Labor Dispute Continues in Venezuela’s State-Owned Oil Industry

The ongoing industrial dispute in Venezuela's state-owned oil company PDVSA continued yesterday as a work stoppage called by some unions over a week ago, called “Zero Hour,” approached with various small industrial actions taking place around the country.

Caracas, August 7, 2007 (— The ongoing industrial dispute in Venezuela’s state-owned oil company PDVSA continued yesterday as a work stoppage called by some unions over a week ago, called “Zero Hour,” approached with various small industrial actions taking place around the country. However, despite calls from some unionists to “paralyze” the industry, José Luis Parada, the general manager of PDVSA Occidente, assured that, “all the oil drills, ports, and oil installations are functioning without interruptions.”

The conflict is centered on two main issues. The first is the collective contract for oil workers for 2007-2009, which has been under negotiation since April. The second issue is over the incorporation of oil workers into PDVSA from a number of private oil rigs in the Orinoco Belt that were nationalized in May.

Approximately 40 oil workers from local sections affilitated with the oil unions federations Fedepetrol, Fetrahidrocarburos, Sinutrapetrol, and the Oil Workers Front of Zulia protested at the administrative office of PDSVA Occidente in Maracaibo, demanding the incorporation of 500 oil rig operators into PDVSA. During the protest the National Guard used tear gas to disperse the crowd and arrested four unionists, Cahuao (FUTPV), Jairo Ollarves (Sinutrapetrol), Aulio Soto, and Francisco Villalobos, both from Fetrahidrocarburos, for “acts of violence.”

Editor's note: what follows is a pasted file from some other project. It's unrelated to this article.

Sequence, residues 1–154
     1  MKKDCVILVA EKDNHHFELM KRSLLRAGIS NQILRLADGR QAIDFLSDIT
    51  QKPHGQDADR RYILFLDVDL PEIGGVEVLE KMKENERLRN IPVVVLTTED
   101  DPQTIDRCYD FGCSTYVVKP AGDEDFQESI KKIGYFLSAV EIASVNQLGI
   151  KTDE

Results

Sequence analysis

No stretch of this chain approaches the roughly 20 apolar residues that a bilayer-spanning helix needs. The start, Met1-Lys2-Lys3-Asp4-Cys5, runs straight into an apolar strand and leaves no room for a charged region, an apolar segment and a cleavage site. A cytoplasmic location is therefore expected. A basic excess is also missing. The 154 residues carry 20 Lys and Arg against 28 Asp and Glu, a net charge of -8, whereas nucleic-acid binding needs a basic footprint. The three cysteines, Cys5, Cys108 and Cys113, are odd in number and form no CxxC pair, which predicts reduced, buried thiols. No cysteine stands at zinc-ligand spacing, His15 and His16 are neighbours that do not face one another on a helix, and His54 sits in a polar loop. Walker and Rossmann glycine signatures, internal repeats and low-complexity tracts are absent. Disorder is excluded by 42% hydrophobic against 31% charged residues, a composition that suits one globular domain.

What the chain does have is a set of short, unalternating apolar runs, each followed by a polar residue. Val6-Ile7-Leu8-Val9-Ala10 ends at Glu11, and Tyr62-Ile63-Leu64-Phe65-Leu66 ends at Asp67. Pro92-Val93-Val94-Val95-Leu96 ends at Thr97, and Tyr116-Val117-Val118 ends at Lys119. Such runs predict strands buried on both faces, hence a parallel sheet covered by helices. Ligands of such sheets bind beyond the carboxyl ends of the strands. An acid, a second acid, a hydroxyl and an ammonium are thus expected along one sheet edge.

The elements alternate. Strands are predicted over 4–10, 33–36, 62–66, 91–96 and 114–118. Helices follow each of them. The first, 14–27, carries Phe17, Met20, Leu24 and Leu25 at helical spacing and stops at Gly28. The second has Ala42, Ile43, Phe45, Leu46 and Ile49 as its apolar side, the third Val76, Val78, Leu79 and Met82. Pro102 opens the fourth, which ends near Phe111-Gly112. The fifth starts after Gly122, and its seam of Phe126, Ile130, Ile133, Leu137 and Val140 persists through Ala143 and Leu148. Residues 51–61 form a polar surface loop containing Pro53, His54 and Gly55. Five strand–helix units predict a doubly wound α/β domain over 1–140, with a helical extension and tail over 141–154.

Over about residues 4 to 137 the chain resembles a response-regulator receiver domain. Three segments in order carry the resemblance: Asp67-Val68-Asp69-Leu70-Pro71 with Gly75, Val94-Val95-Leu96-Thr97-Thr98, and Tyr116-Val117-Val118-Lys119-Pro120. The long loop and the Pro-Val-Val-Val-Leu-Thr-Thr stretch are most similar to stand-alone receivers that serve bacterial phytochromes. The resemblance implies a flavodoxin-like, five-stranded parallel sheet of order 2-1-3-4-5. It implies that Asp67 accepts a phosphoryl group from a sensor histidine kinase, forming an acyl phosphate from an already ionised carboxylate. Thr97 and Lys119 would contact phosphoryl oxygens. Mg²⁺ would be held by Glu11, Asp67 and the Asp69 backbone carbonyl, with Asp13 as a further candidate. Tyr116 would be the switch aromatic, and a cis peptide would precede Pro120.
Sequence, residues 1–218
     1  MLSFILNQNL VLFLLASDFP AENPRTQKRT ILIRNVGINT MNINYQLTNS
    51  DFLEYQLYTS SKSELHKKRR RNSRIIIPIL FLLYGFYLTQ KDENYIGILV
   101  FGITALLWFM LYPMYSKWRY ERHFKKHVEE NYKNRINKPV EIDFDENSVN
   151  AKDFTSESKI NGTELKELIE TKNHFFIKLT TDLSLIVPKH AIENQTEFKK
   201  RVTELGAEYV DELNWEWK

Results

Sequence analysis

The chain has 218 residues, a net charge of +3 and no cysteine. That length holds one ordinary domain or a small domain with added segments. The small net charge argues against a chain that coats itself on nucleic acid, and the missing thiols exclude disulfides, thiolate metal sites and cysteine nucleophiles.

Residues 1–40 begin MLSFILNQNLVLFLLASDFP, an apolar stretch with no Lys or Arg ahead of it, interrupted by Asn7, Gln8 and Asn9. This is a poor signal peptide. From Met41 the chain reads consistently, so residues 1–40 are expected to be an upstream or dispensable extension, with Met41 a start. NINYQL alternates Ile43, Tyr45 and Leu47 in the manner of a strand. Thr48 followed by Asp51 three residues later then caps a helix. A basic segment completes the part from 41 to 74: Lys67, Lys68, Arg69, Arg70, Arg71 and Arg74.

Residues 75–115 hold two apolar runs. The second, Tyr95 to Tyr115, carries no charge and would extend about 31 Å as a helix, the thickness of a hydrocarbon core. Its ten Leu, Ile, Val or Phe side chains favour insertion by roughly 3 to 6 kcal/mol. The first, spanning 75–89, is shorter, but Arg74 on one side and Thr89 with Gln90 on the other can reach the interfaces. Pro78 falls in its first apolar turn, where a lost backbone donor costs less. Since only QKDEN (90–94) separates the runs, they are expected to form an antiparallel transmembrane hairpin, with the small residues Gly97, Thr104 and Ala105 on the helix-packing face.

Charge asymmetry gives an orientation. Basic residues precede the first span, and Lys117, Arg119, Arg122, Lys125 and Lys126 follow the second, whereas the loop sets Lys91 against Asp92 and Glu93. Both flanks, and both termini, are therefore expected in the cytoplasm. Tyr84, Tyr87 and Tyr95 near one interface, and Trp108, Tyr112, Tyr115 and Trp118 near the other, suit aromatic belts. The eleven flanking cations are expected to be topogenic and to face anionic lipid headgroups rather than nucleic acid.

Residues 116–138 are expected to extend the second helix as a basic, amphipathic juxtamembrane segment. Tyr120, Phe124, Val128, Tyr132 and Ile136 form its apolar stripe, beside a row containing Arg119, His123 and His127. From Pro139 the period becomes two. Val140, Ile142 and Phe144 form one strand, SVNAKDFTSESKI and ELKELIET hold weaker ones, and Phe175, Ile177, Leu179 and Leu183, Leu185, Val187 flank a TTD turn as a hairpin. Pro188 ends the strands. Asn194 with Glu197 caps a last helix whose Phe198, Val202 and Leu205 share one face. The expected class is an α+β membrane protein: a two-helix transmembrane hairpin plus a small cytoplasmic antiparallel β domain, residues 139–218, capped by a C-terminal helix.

The protesting workers also demanded the removal of José Luis Parada, the general manager of PDVSA Occidente, who they claim has treated workers with disrespect. Parada has been negotiating with the unions in Tía Juana, Cabimas, and Lagunillas, the area around Lake Maracaibo, over the incorporation of oil rig operators into PDVSA. Augusto Villalobos, secretary general of the Federation of Hydrocarbon Workers (Fetrahidrocarburos), said that they don’t have faith in the “’negotiating tables,” “because there is no presence of the Minister of Labor, or the Comptroller General of the state; they are lead by the same manager José Luis Parada.”

Villalobos, who claimed that Parada was a signatory against Hugo Chavez during the recall referendum, said the workers were asking for a special commission in place of the “negotionaing tables,” to deal with the incorporation of the employees from the oil rigs. He said that Rafael Ramírez, Minister of Energy and PDVSA President, had promised to incorporate all of the workers. However, Villalobos argued, “Only 40% of the workers have been incorporated. There are 500 workers that are waiting for the contract.”